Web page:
Disappointment is perhaps the most immediate negative emotion athletes experience after a perceived failure. Disappointment involves the feelings of thwarted desire, loss, and discouragement when they fail to fulfill their hopes and expectations—or those of others. Children are going to feel disappointment when they don’t achieve their goals or believe they have let you down. Disappointment is a natural response to failure, but some children react to those perceived failures with devastation. Think of devastation as disappointment with the volume turned way up; the lack of success is amplified so loudly it is deafening and debilitating. Children who experience devastation are too invested in their sport, where their self-identity and self-esteem are overly dependent on their results. This emotional reaction may also be caused by the burden of expectation that parents place on their children in their sports lives. These children who are faced with devastation reduce their effort, give up easily, or may quit altogether to avoid the emotional pain. This reaction to this extreme version of disappointment can cause them to feel incompetent and inadequate, which, if persistent, will lower their self-esteem and will definitely prevent them from achieving their sports goals. Though some disappointment following failure is normal, children who are hit hard by devastation mope around the house, look demoralized and feel sorry for themselves for far longer than they should.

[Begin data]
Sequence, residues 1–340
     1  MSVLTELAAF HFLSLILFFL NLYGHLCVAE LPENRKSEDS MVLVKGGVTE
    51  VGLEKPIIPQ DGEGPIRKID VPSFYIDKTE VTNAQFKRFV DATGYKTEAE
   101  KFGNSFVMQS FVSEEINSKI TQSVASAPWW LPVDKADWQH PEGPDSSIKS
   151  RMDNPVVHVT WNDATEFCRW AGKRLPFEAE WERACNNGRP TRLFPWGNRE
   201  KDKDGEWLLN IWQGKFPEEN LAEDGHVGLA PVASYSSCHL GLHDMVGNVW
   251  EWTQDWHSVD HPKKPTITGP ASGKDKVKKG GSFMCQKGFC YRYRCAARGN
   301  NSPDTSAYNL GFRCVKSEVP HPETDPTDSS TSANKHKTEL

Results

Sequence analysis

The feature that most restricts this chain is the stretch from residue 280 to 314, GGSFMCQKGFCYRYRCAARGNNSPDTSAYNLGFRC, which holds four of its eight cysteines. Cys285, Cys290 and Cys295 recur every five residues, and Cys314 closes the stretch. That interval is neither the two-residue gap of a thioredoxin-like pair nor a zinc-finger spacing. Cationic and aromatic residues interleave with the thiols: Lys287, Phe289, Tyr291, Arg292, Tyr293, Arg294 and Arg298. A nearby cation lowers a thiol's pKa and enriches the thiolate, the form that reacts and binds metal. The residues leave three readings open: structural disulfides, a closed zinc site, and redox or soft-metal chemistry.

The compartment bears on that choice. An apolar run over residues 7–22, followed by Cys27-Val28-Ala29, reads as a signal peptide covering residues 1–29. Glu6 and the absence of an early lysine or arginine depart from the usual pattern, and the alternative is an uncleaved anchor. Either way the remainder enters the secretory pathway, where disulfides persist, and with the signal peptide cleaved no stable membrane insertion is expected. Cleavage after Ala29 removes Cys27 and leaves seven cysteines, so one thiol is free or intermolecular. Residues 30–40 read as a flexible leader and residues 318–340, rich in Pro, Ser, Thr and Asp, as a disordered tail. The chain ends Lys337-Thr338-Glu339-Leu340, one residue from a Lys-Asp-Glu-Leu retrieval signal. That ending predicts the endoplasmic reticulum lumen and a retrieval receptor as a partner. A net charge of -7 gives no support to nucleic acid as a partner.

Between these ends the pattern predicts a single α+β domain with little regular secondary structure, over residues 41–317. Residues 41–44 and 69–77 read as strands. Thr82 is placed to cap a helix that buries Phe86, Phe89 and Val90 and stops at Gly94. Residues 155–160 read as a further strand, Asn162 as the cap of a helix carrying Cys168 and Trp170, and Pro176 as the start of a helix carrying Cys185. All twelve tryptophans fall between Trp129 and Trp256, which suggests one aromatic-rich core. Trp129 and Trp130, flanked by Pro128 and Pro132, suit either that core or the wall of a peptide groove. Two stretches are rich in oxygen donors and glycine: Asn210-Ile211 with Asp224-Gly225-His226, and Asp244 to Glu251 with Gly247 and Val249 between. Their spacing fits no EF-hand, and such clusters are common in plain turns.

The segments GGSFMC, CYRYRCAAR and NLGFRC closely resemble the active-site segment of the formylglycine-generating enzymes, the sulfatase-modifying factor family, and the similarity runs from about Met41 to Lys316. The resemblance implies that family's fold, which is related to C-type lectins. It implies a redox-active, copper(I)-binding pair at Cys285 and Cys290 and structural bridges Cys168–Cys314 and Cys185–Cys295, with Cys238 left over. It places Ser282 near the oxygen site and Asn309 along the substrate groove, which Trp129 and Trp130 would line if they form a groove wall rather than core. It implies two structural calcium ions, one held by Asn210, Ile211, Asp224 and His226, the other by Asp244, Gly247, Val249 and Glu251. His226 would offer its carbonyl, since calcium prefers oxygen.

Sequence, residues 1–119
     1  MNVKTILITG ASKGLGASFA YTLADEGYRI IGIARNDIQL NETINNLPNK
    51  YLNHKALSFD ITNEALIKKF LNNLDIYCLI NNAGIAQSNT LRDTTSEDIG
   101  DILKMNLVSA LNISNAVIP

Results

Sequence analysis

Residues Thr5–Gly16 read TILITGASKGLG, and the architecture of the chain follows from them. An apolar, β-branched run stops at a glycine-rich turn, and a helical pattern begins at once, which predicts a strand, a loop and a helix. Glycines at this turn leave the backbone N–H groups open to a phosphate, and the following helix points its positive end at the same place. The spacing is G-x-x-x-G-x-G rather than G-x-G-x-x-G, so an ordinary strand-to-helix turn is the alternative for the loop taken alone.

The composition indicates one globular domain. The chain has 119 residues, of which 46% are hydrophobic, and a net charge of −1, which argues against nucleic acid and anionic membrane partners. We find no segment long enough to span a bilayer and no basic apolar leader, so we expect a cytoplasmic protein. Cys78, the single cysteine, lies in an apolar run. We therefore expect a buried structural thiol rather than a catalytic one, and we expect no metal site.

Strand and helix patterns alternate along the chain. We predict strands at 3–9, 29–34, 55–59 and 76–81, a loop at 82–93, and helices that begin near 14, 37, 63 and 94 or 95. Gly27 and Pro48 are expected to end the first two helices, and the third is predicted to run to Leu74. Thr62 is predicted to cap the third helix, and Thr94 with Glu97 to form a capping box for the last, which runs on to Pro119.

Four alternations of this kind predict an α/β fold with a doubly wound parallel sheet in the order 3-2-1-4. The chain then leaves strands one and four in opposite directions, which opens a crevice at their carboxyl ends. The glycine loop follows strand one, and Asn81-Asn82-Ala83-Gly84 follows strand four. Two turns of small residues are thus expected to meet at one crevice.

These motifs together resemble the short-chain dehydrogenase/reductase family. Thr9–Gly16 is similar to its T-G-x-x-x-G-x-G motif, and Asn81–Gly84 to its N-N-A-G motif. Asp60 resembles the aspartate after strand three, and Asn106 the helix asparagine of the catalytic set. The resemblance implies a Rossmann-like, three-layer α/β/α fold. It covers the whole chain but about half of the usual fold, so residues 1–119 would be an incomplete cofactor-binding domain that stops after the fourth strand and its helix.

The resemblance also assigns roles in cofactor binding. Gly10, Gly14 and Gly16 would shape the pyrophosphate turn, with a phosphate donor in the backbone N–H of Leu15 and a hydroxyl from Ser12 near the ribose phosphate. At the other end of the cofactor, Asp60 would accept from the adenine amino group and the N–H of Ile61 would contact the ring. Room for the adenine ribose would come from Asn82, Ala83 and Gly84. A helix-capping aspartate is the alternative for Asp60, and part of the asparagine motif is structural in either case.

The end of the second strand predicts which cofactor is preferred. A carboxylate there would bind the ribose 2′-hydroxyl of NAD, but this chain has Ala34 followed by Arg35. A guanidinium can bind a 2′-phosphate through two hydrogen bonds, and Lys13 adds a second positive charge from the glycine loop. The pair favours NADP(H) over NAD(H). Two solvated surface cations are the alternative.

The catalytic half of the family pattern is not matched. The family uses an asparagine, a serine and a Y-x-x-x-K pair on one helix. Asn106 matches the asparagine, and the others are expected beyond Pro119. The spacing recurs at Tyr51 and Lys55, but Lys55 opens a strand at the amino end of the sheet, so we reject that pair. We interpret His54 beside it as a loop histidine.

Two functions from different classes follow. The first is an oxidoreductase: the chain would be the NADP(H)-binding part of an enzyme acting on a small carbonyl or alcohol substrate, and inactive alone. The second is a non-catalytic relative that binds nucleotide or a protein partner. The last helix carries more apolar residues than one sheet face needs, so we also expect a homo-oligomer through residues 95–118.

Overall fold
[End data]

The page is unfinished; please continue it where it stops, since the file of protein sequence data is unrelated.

“Protecting” Your Children from Disappointment